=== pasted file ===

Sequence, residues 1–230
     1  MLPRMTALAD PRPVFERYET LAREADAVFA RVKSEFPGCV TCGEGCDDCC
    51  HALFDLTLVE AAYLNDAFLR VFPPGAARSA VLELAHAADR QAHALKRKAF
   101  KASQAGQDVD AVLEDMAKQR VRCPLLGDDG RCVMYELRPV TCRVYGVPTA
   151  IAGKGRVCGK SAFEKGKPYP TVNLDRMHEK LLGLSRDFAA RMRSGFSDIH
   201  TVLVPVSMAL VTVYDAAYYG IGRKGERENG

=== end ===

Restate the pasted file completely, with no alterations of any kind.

Sequence, residues 1–230
     1  MLPRMTALAD PRPVFERYET LAREADAVFA RVKSEFPGCV TCGEGCDDCC
    51  HALFDLTLVE AAYLNDAFLR VFPPGAARSA VLELAHAADR QAHALKRKAF
   101  KASQAGQDVD AVLEDMAKQR VRCPLLGDDG RCVMYELRPV TCRVYGVPTA
   151  IAGKGRVCGK SAFEKGKPYP TVNLDRMHEK LLGLSRDFAA RMRSGFSDIH
   201  TVLVPVSMAL VTVYDAAYYG IGRKGERENG